In the Harvard University lab of biologist Catherine Dulac, some of the female mice act peculiarly like males. When other mice enter their enclosure, these females squeak like male mice, sniff around the intruders’ backsides, and attempt to copulate. The only thing distinguishing these gender benders from normal female mice is the absence of a working vomeronasal organ, or VNO—a tiny structure that senses pheromones, the chemicals known to influence the sexual behavior of mice.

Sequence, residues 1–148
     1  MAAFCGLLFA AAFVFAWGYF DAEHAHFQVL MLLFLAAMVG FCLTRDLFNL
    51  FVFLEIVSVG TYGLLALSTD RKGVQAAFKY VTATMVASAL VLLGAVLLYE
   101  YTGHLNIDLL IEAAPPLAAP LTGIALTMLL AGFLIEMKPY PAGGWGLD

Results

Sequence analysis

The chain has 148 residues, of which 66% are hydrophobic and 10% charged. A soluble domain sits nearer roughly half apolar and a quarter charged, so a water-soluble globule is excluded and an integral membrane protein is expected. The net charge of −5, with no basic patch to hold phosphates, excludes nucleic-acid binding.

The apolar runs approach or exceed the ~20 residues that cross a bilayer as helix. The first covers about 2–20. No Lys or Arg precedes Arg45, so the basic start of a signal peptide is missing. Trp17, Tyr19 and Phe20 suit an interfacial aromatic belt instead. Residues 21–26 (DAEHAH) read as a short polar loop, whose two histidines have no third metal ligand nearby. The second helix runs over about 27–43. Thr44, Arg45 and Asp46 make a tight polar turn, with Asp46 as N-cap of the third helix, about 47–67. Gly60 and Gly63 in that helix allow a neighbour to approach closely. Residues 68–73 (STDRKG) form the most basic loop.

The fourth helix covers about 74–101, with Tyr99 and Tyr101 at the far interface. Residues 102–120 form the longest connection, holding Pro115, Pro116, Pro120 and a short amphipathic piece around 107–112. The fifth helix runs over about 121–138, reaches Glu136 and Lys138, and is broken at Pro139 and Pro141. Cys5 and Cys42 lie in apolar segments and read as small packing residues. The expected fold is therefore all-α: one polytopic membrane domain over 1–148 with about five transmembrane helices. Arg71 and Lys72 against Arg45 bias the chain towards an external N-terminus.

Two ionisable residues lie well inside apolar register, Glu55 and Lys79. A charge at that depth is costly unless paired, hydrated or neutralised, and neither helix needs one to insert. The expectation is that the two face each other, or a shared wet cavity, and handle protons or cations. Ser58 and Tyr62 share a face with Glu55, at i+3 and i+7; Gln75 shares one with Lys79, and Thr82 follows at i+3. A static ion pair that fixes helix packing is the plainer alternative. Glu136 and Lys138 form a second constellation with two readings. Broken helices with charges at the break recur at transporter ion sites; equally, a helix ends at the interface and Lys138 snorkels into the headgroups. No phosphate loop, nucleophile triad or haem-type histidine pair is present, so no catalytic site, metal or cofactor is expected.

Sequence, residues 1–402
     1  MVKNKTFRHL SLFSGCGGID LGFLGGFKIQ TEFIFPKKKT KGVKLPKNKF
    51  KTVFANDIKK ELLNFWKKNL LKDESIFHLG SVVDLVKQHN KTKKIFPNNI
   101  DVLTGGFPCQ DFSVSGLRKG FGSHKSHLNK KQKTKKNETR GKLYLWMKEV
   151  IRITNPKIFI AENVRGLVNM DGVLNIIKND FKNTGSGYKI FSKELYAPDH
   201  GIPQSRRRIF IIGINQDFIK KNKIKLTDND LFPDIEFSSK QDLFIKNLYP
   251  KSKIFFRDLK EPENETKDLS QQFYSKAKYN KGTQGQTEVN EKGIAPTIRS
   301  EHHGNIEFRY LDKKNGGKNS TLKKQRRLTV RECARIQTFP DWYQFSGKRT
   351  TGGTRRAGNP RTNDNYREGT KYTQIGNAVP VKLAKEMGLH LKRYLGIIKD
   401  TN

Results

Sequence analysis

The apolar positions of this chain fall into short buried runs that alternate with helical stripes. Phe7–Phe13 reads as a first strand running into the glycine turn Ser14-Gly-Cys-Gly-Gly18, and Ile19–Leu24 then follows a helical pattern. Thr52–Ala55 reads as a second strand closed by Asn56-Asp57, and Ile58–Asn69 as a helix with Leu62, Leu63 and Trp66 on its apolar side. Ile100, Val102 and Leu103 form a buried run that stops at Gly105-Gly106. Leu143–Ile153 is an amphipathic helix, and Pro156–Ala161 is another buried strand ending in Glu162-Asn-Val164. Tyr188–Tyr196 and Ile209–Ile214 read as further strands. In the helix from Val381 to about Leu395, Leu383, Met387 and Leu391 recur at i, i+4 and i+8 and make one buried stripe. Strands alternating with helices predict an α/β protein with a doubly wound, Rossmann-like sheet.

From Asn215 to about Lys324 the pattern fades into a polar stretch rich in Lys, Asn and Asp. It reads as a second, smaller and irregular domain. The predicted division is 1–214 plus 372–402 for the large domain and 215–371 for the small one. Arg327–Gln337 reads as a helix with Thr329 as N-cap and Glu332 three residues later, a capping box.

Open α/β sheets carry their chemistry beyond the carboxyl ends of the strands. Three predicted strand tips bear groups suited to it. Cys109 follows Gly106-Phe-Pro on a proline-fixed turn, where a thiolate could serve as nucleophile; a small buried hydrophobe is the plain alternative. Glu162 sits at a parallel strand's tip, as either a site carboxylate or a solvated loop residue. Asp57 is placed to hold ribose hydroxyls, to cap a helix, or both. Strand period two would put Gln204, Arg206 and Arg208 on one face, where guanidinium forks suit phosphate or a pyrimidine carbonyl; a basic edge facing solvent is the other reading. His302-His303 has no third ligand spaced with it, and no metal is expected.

Biologists have long suspected that the male mouse brain is cued by testosterone to develop circuitry for male sex behaviors like rump sniffing. Dulac’s study—which used genetic manipulation and surgery to create VNO-less female mice—reveals that the circuitry for male behaviors appears to be present in all mouse brains. The role of pheromone reception in females may be simply to flip a switch that suppresses the male circuit in the female brain. But what works in mice most likely wouldn’t in humans. “Rodents are extremely olfactory,” Dulac says, while “humans are more sensitive to visual cues.